xAPI Shifting to 3rd Gear

Mark Oehlert kicking off xAPI Camp - AmazonYou might be surprised to find out we’re in 2nd gear. We shifted out of 1st gear at DevLearn last year. Between November 2014’s xAPI Hyperdrive and the xAPI track at DevLearn 2014, we hit our stride. We had people well outside of the ADL bubble talking about real world things things they were using xAPI to accomplish.

What happened at xAPI Camp Amazon?

This wasn’t merely a great event. This was a game changer. The participants, including the speakers and our partners — this event really couldn’t have come out more epic than it did.

Let me talk a bit about our speakers. They are not messing around. All killer, no filler high-octane Awesome. We got Sean Putman to come in from Detroit to talk about what he all did with Altair’s software and xAPI. Ben Erlandsson, who’s working on the boldest and most complex application for xAPI I’ve ever encountered — and how xAPI stands to help make the most impact of any social initiative to date. Myra Travin came from across town in Seattle to articulate the field of learning experience design in a way that really made sense. Kirsty Kitto and Aneesha Bakharia are rockstars in research that’s driving the learning analytics field — and they’re pointing out ways in which we need to be using xAPI better. Bill McDonald spent 25 years helping run the Aviation Industry’s Computer-Based Training Consortium, eventually overseeing their own standard evolve to be completely based on xAPI. Russell Duhon talking about what it takes to run xAPI in Enterprise… at scale. Duncan Welder talking about the ways in which their LMS is helping Big Energy improve their compliance — not just get a check in the compliance training box, using xAPI for both content analytics and social. Their presentations are all archived here.

A breakout group at xAPI Camp - AmazonThese speakers were incredible people, many of whom are outside the xAPI Developer/Contributor/Adopter circles. Real folks making real decisions about real world problems and using xAPI to help. They’re haulin’ ass.We had small emergent breakout groups and large breakout groups moderated by our partners Shelly Blake-Plock, Mike Hruska and Nick Washburn. Participants got into the weeds of learning architecture, project management and scaling the technology to respond to growing organizational demands in near real-time. Everything discussed was approachable in real-world, real-human language but nothing was watered down. People took notes and tasked themselves for next-actions. Attendees were solving real problems while they were there.

The format for the event worked, it really worked. Myra Travin saw so much in it that she wrote a post on just how well it worked. You can read it on LearnxAPI.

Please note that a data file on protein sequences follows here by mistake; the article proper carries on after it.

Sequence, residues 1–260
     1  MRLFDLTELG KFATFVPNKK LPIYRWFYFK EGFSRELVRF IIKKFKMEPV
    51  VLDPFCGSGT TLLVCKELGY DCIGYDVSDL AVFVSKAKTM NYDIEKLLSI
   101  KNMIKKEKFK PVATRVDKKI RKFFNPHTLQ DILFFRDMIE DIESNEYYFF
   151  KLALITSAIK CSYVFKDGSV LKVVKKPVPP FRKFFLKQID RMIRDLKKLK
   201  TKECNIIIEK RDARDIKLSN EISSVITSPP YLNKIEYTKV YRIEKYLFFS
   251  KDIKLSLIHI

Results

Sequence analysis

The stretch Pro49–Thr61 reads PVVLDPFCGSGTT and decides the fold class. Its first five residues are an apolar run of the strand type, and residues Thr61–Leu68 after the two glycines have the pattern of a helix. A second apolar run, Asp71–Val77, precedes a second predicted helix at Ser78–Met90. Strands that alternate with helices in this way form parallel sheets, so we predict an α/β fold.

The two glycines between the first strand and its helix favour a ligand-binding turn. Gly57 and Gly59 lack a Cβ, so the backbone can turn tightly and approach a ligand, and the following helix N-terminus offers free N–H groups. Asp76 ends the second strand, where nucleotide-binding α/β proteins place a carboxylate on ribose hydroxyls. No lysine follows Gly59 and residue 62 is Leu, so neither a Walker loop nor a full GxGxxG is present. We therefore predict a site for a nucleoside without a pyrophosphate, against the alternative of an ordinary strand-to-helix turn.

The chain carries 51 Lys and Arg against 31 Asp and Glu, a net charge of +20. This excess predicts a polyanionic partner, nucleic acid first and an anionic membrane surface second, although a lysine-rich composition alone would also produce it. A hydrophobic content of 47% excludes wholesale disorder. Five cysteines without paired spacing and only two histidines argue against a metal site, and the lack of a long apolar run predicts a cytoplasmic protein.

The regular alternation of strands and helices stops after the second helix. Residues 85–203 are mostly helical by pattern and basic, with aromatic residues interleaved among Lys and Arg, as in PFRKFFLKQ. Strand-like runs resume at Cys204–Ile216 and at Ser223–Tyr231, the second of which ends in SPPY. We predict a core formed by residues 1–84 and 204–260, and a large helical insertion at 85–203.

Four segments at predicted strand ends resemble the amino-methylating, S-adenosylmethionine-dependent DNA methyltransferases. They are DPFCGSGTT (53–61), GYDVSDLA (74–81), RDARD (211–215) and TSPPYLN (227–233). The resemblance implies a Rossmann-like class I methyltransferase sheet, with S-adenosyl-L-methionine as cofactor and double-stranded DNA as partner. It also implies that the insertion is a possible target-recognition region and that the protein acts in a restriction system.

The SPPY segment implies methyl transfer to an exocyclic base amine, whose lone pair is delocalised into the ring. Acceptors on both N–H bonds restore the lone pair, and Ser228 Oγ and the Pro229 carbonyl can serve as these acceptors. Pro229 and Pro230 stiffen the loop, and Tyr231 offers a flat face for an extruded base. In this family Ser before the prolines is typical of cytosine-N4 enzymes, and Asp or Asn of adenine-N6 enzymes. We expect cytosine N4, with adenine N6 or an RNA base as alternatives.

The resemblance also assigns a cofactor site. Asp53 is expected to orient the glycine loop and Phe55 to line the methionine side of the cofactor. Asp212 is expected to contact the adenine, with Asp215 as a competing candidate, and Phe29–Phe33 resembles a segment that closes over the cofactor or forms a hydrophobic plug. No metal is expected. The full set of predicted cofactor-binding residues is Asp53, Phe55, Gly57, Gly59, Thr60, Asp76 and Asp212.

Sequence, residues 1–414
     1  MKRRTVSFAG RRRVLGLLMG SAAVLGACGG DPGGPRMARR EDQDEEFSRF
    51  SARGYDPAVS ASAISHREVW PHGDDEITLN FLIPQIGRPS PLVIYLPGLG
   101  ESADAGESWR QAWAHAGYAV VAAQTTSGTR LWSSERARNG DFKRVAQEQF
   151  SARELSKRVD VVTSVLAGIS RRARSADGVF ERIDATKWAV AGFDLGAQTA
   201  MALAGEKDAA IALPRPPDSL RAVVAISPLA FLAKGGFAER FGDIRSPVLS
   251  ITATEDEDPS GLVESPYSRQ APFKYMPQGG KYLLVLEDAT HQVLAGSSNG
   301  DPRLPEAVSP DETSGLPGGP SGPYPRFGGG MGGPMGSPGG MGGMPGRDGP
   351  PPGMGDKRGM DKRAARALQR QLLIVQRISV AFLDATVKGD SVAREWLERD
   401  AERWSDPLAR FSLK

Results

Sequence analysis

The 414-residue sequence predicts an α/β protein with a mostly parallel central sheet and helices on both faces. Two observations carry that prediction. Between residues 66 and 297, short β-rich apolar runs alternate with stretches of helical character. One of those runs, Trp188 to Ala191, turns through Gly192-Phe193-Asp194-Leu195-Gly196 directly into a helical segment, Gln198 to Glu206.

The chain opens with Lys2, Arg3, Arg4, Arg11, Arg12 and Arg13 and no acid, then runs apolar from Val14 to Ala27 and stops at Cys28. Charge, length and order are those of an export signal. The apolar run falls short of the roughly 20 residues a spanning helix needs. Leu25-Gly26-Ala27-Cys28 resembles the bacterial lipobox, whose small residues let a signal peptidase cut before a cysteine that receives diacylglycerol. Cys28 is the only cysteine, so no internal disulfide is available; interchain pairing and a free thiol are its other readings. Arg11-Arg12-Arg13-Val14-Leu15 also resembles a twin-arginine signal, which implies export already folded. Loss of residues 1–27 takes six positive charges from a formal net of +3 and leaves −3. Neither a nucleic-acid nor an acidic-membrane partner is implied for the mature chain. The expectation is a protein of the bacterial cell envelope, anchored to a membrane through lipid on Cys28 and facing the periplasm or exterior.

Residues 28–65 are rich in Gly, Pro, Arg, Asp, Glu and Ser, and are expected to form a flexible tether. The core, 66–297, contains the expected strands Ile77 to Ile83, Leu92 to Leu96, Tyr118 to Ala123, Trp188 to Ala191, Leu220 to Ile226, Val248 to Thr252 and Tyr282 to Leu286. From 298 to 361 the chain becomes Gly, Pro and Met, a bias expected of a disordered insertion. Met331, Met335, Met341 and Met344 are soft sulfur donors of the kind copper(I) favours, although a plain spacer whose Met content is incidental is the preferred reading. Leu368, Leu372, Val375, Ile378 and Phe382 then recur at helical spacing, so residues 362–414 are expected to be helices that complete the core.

Why was this camp so significant?

No matter what Amazon does with xAPI, their embrace of xAPI, even to bring the community to their house so we could learn together — what xAPI enables and (frankly) what value xAPI holds for them — is huge. Just huge.

You need a company to reference when asked, “Who’s doing xAPI?”

Your answer now is “Amazon.” Done. Mic drop.

Because when we talk about the future of learning, usually our professionals from ISDs to CLOs immediately talk about recommendations… “like Amazon.”  Every conference that talks about elearning at all — K-12, Higher Ed, Community Colleges, Corporate, Gov, .mil — everyone talks about recommendations “like how Amazon does it.”

…And even Amazon is going xAPI.

You hold onto that for a moment. Let that thought just linger in the air a bit. Enjoy it. Savor it. This is the kind of moment — those of us who’ve helped make xAPI happen — this is the moment we’ve been waiting for. Given their engineering culture, given their fanatical attention to customer service, given their massive supply chain and the people power it takes to make all of those parts work in harmony, xAPI could not have a better stakeholder.

It marks the beginning of the end of early adoption for xAPI. You go back to the bell curve model of Rogers’ Diffusions of Innovations theory. We hit the level taking us to Early Majority.

This is the shift from 2nd to 3rd gear. There’s more to be done. It’s not just events, it’s not just fancy new adopters. There’s a post coming later this week on what has to happen next. (Hint: we need to formalize our work together to make sure what the early majority is doing keeps working and makes the space to iron out the wrinkles existing today.)


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